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Jerome “Jerry” Mileur, 83, died September 5, 2017. Born in 1934 in Murphysboro, Illinois, Jerry taught political science at the University of Massachusetts Amherst from 1967 to 2004 during which he mentored generations of graduate students. For 37 years he served...

The American Political Science Association Section on Class and Inequality named "Understanding Inequality and Representation in Local Politics," 2017 Best Paper.

Professor Brian Schaffner’s recent study shows why some Sanders supporters voted for Trump. Several media outlets have recently carried his analyses based on data from the Cooperative Congressional Election Study. The NPR report is here and an interview with Vox is here.

Paul Musgrave, political science, says the recent heightening of tension and sharp rhetoric between the U.S. and North Korea is different from past episodes. He says President Donald J. Trump spends much less time with his foreign policy advisors than previous presidents and those advisors have less experience dealing with crises. "For 25 years, we've been in a relatively dangerous situation, but now these two things have happened. Both of them happening simultaneously raises the possibility of miscommunication, of miscalculation," he says. Still, Musgrave says he thinks diplomacy will be needed to lower tensions. (Gazette, 8/10/17)

Professor Frederic Schaffer will deliver a keynote address at the 20th International Conference on Conceptual History, “Concepts in the World: Politics, Knowledge, and Time,” to be hosted by the University of Oslo, Norway on September 21-23, 2017. 

Professor Musgrave, Political Science, says it is highly unlikely that the war of words between the U.S. and North Korea will lead to a nuclear standoff or the use of military force, but he thinks the harsh rhetoric may be heightening tensions. Musgrave says President Donald J. Trump’s threats aren’t helpful. “The president is a little more bellicose than most experts would recommend,” he says. (REPUBLICAN, 8/9/17)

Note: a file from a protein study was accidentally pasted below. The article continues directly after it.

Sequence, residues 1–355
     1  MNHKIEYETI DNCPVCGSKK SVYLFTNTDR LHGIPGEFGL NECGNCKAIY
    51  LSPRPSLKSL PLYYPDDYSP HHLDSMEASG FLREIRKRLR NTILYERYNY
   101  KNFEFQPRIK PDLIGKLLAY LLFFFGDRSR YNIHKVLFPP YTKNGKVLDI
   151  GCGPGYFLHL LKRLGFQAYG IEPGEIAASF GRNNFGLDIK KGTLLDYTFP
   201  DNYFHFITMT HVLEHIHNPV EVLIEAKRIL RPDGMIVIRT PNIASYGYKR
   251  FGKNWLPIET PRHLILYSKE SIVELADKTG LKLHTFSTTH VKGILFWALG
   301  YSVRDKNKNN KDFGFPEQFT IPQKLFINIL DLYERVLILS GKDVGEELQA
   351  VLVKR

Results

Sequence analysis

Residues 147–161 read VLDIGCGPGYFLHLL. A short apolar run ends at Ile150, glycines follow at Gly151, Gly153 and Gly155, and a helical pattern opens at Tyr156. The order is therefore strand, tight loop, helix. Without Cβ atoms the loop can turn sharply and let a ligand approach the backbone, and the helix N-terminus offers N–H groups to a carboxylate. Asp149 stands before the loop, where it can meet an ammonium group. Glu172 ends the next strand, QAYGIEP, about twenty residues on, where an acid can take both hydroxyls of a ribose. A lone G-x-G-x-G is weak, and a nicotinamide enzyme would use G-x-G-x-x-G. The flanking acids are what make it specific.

An essay by Brian F. Schaffner, political science, and Rishab Nithyanand and Phillipa Gill, computer science, looks at how offensive political comments posted on Reddit, the social news aggregation, web content rating and discussion website, become more popular when politicians are being extremely offensive. They tested every political comment on Reddit from January 2015 to January 2016 and rated them for offensiveness. They conclude that the tone of political comments on Reddit responds to how politicians were behaving. (Vox, 8/7/17)

Professor Raymond J. La Raja comments in a news analysis about how campaign fundraising has changed in response to court rulings that allow large donors to give to joint fundraising committees that direct the money to state and national political parties. The result is giving parties large sums of money whose origin is hard to detect. “I don’t like these kinds of politics, where money is just circulating in these circuitous ways,” La Raja says. (Politico, 8/4/17)

Professor Paul Musgrave, says President Donald J. Trump’s decision to attack Congress over the Russian sanctions bill he doesn’t like is politics as usual. “Doing it directly by tweet, in a vague and threatening manner, is not,” he says. The comments are in a story about how the tensions between the American president and lawmakers over the sanctions probably benefit the Russians most of all. (Vox, 8/4/17)

Professor Paul Musgrave, Political Science is quoted in a Newsweek article on how the concept of the “deep state” conspiracy theory made its way to mainstream dialogue. Musgrave cautions that the confrontational attitude adopted by President Trump and his supporters goes beyond “just the context of Russia,” to more widely reflect the President’s self-professed outsider status, which sees “President Trump insulting or targeting intelligence agencies in the period up to the inauguration. And this was perceived to be something that could really spark a backlash from members of American intelligence agencies.”

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